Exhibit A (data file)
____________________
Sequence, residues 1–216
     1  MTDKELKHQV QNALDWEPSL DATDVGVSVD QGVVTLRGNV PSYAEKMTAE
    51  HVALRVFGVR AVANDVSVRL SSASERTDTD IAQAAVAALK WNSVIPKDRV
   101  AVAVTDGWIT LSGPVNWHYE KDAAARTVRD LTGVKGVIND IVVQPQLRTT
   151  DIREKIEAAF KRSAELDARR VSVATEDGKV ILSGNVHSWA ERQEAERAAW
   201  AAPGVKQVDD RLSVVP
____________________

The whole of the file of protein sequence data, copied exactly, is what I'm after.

Sequence, residues 1–216
     1  MTDKELKHQV QNALDWEPSL DATDVGVSVD QGVVTLRGNV PSYAEKMTAE
    51  HVALRVFGVR AVANDVSVRL SSASERTDTD IAQAAVAALK WNSVIPKDRV
   101  AVAVTDGWIT LSGPVNWHYE KDAAARTVRD LTGVKGVIND IVVQPQLRTT
   151  DIREKIEAAF KRSAELDARR VSVATEDGKV ILSGNVHSWA ERQEAERAAW
   201  AAPGVKQVDD RLSVVP